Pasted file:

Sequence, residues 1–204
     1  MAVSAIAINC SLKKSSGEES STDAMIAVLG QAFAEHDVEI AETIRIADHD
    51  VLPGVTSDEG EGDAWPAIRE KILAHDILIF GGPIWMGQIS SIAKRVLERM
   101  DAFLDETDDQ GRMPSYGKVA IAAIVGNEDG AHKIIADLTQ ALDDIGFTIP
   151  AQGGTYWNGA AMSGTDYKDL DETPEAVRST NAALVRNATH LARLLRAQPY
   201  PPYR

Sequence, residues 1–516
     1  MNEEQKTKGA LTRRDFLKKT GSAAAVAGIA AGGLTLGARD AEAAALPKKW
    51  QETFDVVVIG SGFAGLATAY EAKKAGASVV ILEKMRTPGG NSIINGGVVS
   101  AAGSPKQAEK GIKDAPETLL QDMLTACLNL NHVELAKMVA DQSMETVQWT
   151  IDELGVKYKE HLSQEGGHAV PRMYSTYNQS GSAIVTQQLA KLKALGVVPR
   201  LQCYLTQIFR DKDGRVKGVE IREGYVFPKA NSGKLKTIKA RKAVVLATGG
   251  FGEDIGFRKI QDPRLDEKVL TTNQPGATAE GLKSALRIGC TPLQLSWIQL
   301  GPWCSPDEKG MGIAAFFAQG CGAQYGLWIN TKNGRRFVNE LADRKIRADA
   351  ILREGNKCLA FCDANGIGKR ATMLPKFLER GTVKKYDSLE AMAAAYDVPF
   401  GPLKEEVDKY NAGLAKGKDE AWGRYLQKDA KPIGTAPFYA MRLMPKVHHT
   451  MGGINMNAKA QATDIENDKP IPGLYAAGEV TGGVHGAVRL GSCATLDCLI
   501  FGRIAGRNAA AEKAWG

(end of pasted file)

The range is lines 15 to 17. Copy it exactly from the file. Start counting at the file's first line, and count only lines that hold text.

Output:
   351  ILREGNKCLA FCDANGIGKR ATMLPKFLER GTVKKYDSLE AMAAAYDVPF
   401  GPLKEEVDKY NAGLAKGKDE AWGRYLQKDA KPIGTAPFYA MRLMPKVHHT
   451  MGGINMNAKA QATDIENDKP IPGLYAAGEV TGGVHGAVRL GSCATLDCLI